Havana is the capital city, major port, and leading commercial centre and the largest city in Cuba and in the Caribbean region.
In the 1950s before the Communist revolution, Havana was one of the vacation hot-spots of the Caribbean, and since Cuba reopened to tourism in the 1990s, it has become a popular destination once again. Albeit with many fewer U.S. citizens, due to an almost total ban on travel maintained by the U.S. federal government. However, there will be lots of tourists at any time of year, so expect huge crowds and long lines in places.
Cuba has two currencies, the Cuban Peso (CUP) and the Cuban Convertible Peso (CUC). Most tourist will be using the CUC for all purchases, hotels, taxis and activities. The CUC was created to replace all the US$ that was used in the tourist industry until the late 1990s.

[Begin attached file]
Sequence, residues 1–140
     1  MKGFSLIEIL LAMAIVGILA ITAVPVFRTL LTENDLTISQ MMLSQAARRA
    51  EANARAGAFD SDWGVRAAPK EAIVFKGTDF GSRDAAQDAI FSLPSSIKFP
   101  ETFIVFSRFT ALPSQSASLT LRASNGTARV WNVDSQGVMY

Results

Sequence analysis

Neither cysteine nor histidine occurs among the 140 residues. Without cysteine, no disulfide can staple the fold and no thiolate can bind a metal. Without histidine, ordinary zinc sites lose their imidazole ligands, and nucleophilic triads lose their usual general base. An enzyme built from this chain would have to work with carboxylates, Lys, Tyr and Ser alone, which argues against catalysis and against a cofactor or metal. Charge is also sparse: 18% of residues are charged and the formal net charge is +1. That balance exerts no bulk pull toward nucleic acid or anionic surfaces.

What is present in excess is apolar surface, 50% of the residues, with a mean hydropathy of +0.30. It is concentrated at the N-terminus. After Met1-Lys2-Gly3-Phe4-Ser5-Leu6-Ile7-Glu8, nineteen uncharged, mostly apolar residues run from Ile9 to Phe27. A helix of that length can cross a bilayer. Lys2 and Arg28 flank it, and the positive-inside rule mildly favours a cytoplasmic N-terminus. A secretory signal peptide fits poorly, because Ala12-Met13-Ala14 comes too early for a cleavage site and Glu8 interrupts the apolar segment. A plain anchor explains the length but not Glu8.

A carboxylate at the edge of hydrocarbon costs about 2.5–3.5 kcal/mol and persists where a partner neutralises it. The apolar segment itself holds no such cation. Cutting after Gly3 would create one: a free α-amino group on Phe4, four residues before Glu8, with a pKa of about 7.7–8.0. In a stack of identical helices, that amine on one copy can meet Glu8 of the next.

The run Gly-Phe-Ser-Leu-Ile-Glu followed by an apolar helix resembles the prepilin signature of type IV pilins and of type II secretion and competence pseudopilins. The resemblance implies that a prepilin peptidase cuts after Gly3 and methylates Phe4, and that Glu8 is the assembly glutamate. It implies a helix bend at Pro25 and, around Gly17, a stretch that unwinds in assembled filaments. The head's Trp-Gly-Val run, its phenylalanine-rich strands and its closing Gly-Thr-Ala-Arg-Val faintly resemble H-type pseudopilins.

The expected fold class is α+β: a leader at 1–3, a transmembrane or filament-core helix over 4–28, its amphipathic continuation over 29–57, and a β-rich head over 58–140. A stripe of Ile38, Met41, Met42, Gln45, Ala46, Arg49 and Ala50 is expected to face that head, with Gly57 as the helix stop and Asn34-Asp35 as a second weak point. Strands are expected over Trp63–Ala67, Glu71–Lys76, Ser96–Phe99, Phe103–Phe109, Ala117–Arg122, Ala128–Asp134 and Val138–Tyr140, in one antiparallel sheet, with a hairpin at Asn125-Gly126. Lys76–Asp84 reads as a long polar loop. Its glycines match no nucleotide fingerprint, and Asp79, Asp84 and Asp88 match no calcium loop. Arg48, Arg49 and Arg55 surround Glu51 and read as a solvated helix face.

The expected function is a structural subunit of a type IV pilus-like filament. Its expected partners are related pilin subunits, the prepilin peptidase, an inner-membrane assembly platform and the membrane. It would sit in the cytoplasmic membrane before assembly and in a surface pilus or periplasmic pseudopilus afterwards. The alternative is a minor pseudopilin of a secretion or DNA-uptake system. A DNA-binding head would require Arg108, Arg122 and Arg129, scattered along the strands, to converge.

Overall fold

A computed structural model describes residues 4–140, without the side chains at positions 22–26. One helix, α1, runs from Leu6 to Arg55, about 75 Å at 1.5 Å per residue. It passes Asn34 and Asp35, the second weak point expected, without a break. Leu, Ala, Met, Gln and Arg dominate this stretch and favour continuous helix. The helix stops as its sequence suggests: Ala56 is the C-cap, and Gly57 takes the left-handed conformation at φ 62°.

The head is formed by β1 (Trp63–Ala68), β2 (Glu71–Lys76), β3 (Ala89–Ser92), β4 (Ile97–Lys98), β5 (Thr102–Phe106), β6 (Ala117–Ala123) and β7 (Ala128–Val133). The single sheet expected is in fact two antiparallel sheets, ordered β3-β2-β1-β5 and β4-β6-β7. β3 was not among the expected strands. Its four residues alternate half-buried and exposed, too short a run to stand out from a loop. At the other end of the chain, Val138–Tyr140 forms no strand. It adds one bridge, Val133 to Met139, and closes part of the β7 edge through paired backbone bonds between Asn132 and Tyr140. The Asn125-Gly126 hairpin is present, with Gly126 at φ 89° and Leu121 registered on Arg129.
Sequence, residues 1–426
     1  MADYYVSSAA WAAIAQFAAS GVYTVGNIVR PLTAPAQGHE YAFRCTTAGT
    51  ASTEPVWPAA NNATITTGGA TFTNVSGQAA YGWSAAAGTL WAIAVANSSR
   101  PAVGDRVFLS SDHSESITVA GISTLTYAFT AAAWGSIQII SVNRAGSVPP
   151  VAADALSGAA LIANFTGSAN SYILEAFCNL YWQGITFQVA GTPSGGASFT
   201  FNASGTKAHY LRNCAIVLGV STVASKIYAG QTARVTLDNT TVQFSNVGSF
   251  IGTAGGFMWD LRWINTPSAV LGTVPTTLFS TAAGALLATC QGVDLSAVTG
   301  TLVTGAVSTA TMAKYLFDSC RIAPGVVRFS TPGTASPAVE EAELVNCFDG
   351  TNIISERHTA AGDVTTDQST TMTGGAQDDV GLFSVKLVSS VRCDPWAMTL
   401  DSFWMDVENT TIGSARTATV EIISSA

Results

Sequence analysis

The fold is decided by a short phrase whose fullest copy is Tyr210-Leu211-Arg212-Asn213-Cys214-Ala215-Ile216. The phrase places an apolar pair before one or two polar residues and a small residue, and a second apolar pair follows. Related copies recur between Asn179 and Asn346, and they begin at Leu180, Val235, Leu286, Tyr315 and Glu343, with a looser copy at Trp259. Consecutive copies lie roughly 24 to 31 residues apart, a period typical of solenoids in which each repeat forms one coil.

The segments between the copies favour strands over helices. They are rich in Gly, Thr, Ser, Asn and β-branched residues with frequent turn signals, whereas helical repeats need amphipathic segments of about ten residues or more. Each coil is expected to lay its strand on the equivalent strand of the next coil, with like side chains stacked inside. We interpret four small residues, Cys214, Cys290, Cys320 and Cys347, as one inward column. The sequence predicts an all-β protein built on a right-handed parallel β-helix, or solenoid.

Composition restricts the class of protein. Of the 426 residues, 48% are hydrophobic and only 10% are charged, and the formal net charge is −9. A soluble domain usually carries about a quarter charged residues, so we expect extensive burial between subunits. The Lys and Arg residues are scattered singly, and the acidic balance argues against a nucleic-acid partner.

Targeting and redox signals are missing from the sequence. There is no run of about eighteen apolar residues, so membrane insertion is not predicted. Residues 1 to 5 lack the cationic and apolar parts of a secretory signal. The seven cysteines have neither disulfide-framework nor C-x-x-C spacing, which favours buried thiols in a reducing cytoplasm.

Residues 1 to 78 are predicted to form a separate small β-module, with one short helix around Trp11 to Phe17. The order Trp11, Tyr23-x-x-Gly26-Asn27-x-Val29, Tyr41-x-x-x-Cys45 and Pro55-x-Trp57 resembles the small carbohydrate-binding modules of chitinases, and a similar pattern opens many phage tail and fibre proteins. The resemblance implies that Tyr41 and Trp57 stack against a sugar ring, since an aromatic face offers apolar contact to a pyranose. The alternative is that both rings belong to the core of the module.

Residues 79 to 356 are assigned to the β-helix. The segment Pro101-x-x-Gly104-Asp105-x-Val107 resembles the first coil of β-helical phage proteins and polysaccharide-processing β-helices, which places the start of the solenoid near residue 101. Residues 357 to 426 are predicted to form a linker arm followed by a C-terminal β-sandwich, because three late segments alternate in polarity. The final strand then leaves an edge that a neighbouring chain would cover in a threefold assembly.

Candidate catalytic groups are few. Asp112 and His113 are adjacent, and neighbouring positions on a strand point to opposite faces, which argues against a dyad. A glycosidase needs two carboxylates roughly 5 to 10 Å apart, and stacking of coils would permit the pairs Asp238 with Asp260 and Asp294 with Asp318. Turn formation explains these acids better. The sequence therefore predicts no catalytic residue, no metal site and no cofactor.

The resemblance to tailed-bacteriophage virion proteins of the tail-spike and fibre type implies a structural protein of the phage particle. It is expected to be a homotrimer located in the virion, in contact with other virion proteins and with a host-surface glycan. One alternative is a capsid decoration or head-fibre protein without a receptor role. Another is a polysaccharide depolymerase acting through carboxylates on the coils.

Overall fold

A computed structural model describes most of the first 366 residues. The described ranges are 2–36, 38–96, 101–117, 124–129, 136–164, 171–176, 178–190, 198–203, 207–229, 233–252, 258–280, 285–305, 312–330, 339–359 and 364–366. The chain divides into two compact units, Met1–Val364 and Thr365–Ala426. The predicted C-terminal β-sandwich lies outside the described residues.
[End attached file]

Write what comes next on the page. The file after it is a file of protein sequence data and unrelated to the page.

Havana was founded by the Spanish in the 16th century and due to its strategic location, it served as a springboard for the Spanish conquest of the continent becoming a stopping point for the treasure-laden Spanish Galleons on the crossing between the New World and the Old World.
King Philip II of Spain granted Havana the title of City in 1592. The Spaniards began building fortifications, and in 1553 they transferred the governor’s residence to Havana from Santiago de Cuba on the eastern end of the island, thus making Havana the de facto capital.
The importance of harbour fortifications was early recognized as English, French, and Dutch sea marauders attacked the city in the 16th century. The sinking of the U.S. battleship Maine in Havana‘s harbour in 1898 was the immediate cause of the Spanish-American War.